Every dealership’s fear is that customers are coming to the store and leaving after being overlooked and underappreciated. Most owners would pitch a fit if they knew that their staff was mishandling business and not taking care of people who have a true interest and dire need to buy a car from you.
This happens every day in thousands of dealerships across America. The biggest group of people it happens to are the customers deemed as “special finance” customers. This group doesn’t need to be ignored due to their income level. Whether you want to believe it or not, over 58 percent of Americans live in poverty. Most of them – even if they climb their way out of poverty – will never repair their credit enough to overcome the “special finance” classification in our industry.
I am blessed with the opportunity to work and represent our agency in 26 states. While keeping up with all of this rigorous travel around the country, I constantly see poverty stricken neighborhoods, and many times they are located near airports. One thing I’ve noticed in these areas is that most every single driveway at least one car and usually if you catch it at the right time of day there are two vehicles per household.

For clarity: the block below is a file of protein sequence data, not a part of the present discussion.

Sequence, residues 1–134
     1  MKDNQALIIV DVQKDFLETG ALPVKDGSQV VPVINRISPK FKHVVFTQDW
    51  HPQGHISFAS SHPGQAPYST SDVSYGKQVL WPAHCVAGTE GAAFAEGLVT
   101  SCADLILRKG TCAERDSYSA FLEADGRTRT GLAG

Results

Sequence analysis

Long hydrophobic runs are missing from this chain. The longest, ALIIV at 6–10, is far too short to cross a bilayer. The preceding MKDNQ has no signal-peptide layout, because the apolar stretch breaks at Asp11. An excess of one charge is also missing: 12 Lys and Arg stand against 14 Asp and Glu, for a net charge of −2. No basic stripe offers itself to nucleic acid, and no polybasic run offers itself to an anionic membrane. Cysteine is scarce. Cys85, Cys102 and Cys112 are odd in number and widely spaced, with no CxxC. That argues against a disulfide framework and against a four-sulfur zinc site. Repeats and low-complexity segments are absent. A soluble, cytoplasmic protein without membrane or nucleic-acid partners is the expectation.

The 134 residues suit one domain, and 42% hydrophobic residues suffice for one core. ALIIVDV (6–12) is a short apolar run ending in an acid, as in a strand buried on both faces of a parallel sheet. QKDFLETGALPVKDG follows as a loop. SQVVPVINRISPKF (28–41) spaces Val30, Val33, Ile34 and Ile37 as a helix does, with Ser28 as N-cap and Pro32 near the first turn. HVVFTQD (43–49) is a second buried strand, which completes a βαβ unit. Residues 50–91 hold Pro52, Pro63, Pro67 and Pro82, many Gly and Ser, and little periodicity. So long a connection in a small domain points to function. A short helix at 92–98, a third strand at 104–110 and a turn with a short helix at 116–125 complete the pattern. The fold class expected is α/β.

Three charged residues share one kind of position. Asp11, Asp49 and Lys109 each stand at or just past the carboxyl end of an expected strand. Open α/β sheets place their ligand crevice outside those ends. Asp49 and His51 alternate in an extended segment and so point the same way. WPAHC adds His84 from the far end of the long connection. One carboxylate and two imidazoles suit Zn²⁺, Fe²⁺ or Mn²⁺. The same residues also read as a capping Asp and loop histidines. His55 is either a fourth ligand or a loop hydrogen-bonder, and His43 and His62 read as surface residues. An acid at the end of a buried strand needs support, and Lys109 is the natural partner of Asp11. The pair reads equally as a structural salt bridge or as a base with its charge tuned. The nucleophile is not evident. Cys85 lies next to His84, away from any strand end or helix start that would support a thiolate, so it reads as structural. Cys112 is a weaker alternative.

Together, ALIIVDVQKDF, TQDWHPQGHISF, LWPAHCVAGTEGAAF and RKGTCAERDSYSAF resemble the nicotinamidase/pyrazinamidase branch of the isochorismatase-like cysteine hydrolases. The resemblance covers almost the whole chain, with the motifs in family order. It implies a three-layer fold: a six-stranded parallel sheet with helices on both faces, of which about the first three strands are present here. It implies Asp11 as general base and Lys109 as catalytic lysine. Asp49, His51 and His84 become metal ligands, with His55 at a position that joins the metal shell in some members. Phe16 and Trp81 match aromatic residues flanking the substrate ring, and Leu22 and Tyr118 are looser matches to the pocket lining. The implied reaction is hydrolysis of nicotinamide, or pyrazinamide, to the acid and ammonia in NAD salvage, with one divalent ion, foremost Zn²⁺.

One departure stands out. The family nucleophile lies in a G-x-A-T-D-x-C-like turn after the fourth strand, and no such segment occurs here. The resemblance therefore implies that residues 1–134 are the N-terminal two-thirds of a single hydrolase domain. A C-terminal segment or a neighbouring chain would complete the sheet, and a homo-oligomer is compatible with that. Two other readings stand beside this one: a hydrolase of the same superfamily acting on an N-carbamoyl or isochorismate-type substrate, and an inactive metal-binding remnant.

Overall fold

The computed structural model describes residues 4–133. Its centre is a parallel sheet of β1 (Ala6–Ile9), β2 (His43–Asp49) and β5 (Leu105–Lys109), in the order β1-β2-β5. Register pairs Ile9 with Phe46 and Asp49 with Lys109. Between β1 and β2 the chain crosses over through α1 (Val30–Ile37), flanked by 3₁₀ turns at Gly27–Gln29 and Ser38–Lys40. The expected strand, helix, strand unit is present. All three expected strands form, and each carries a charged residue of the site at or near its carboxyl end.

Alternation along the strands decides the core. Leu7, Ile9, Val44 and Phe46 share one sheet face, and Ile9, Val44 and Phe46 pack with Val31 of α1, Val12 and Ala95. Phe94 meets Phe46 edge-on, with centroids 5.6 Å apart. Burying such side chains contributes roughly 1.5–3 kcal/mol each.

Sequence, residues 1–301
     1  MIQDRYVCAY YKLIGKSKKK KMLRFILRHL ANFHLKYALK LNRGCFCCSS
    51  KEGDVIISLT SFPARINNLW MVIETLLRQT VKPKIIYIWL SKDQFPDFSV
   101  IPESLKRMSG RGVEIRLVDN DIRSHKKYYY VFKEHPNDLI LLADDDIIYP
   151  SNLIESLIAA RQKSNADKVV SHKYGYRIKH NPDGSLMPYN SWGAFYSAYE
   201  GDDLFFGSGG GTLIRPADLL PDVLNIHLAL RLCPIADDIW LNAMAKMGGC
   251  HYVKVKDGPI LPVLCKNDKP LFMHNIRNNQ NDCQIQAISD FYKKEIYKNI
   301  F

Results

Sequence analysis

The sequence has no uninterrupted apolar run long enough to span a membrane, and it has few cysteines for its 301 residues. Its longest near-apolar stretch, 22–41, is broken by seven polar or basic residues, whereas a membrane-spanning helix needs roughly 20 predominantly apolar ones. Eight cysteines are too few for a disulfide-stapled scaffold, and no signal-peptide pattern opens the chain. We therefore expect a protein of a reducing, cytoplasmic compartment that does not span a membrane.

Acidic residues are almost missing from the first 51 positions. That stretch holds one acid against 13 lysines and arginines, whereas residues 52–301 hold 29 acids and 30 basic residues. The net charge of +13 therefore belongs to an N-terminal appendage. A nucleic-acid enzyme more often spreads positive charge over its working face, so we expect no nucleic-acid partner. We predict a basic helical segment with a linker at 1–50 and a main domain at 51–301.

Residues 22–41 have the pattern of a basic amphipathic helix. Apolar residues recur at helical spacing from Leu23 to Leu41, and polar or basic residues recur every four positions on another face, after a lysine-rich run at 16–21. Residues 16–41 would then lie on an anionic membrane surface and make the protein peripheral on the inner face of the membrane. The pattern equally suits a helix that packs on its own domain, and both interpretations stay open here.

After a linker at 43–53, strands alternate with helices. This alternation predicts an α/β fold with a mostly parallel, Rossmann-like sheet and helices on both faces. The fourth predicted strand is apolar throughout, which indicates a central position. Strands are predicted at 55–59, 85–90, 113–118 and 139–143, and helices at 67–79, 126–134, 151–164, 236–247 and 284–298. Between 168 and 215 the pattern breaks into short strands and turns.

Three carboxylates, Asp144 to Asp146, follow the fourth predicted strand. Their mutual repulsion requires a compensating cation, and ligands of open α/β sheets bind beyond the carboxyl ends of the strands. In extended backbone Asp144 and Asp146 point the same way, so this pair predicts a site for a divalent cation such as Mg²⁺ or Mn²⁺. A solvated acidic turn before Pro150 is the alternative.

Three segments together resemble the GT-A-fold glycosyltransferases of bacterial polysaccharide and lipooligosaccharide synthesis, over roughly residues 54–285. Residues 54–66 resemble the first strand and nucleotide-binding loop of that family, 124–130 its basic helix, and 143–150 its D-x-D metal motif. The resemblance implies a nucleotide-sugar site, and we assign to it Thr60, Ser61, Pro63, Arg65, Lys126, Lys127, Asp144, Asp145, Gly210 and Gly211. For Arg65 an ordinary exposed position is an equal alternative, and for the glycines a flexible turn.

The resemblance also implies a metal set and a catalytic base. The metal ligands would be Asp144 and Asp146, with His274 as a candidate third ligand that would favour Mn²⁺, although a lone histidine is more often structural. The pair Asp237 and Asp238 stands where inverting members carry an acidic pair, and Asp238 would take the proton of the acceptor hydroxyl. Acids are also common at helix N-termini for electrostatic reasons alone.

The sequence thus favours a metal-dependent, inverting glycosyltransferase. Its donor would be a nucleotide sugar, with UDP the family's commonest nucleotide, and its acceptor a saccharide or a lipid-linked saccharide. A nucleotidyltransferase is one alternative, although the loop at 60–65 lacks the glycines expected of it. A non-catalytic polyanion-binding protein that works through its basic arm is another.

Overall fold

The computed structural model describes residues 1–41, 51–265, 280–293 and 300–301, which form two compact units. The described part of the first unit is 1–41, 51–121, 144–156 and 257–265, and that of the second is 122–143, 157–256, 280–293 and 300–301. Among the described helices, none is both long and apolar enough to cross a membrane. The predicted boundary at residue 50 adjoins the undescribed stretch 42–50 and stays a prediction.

The reason I bring this subject up is very simple. The recession of 2008 and current sluggish economic climate has changed the face of our country, possibly to a level we may not get out of for at least a decade. This post is not to brag about which of the dealerships Strong represents that sold X amount of cars in their special finance department and made X amount of gross from them. It is simply to make a point that if you have never ventured into special finance business or at least entertained it then this year is the perfect time for you to investigate.
It is not for everybody and some stores are perfectly content and profitable without helping these customers. But, in the quest to be better every day, you are missing opportunity if you do not at least make an effort to sell cars to this market.